• Highway traffic safety, which large masses of Mormon crickets on the roadways can compromise.

Low levels of grasshopper and Mormon cricket populations are natural components of the rangeland ecosystem; however, when their populations reach outbreak levels, they cause serious economic and environmental losses. Nearly 400 grasshopper species inhabit the Western United States, but only a small number of them (12 species, in particular) are considered pests, with varying numbers and combinations of species found in a given rangeland ecosystem. The Mormon cricket (Anabrus simplex) is the only katydid species known to hatch outbreak populations in the United States.

Grasshoppers and Mormon crickets belong to the insect order Orthoptera. Rangeland grasshoppers are ground-dwelling insects with powerful hind legs that enable them to escape from threats by leaping vigorously. Most species also have wings that allow them to fly relatively long distances. They are sometimes referred to as “short-horned” grasshoppers. Mormon crickets are flightless, shield-backed katydids. Although they cannot fly, Mormon crickets move in large groups made up of millions or billions of individual insects, and can migrate great distances. 

Grasshoppers and Mormon crickets damage grasses and other vegetation by consuming plant stems and leaves, damaging plant growth and seed production. This reduces valuable livestock forage, and can lead to other environmental effects, including soil erosion and degradation, disruption of rangeland nutrient cycles, interference with rangeland water filtration, and potentially irreversible changes in the rangeland ecosystem. In addition, some populations that develop on rangelands can invade adjacent cropland where the value of traditional crop plants is often much higher than that of rangeland grasses.

APHIS helps Federal, State, and private landowners in 17 Western States manage grasshopper and Mormon cricket damage on rangeland by providing information about population levels, conducting suppression treatments where possible, and providing technical assistance. 

APHIS and cooperators share the costs of providing suppression treatments on rangelands, in compliance with Section 7717 of the Plant Protection Act. APHIS treats grasshoppers only upon request, and after determining that treatment is warranted. When a Federal land management agency, Native American tribe, State agriculture department, county or local government, private group, or individual with jurisdiction over the land makes a written request for grasshopper treatment, APHIS visits the site and assesses various factors to determine whether action is necessary.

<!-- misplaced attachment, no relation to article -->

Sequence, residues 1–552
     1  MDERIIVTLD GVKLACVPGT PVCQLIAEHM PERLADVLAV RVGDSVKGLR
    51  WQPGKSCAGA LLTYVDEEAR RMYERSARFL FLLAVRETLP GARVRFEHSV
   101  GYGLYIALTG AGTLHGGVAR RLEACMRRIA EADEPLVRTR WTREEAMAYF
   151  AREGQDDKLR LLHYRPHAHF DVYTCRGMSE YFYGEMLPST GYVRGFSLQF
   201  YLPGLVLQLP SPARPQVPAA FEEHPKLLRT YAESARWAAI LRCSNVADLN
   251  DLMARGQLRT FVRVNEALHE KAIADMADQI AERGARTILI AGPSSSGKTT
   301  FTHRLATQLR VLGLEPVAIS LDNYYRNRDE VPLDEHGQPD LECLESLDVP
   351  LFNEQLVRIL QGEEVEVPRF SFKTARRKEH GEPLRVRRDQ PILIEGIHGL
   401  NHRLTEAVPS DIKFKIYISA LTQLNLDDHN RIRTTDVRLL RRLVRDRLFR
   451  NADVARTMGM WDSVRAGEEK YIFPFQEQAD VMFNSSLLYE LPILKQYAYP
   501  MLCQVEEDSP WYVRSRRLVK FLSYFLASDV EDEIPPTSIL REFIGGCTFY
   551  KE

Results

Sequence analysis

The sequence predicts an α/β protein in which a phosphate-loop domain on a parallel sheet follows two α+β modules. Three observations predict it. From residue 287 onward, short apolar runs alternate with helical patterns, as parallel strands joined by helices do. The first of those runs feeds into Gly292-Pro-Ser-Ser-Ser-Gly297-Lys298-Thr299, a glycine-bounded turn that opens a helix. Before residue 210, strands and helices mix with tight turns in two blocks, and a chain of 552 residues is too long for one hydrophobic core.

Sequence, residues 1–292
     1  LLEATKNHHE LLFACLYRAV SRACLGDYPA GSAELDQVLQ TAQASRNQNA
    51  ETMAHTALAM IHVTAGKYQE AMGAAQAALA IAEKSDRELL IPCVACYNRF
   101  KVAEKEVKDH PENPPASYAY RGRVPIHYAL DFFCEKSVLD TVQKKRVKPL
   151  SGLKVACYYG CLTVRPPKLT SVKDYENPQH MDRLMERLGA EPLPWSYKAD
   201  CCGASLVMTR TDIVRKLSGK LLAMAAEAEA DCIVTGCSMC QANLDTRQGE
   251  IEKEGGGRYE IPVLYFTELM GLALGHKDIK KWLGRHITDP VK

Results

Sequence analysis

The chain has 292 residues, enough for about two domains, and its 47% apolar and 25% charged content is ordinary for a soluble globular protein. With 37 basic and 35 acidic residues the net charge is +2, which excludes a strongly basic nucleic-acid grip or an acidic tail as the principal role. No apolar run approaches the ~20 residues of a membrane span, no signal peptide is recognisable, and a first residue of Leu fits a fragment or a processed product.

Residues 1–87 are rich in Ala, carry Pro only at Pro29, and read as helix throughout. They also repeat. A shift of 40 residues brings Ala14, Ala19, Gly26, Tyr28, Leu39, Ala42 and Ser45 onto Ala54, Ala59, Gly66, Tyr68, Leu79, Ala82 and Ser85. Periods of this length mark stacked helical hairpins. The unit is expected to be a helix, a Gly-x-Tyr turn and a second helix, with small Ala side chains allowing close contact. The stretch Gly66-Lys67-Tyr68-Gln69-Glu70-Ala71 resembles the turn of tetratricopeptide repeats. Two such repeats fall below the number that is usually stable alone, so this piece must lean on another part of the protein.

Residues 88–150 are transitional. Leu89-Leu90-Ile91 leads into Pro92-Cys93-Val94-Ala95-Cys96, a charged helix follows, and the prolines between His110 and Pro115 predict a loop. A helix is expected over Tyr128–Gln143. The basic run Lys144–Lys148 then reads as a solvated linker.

These factors include grasshopper densities per yard, the pest species and its biological stage, treatment timing and options, and other ecological considerations, among others. County, State, and Federal officials, Tribes, and/or rancher groups may also initiate cooperative local programs and request APHIS assistance when surveys show the potential for large grasshopper populations. 

APHIS does not have the authority to conduct grasshopper suppression treatments on private crop lands. However, APHIS conducts rangeland suppression treatments in areas where federally managed rangeland is immediately adjacent to private crop lands. This protects rangeland forage, and prevents grasshoppers and Mormon crickets from moving into adjacent crops. In these circumstances, APHIS only treats the adjacent rangeland, and the crop owner is responsible for treating their croplands, if desired. 

When treatment is necessary, APHIS shares the costs of providing suppression treatments on rangelands in compliance with Section 7717 of the Plant Protection Act. On Federal and Tribal Trust rangelands, APHIS pays 100 percent of treatment costs. On State lands, APHIS provides 50 percent of the treatment costs, and the State provides the remaining funds. On private lands, APHIS provides 33 percent of the treatment costs, with the State and/or private landowner responsible for paying the remainder. Cost shares are only available if APHIS conducts the suppression treatments.

As of July 26, 2021, APHIS has treated approximately 805,000 acres of rangeland for grasshoppers and/or Mormon crickets to suppress their high populations across several Western States. The treatments will protect more than 1.6 million acres of rangeland nationwide.APHIS will complete its grasshopper and Mormon cricket suppression treatments nationwide this summer.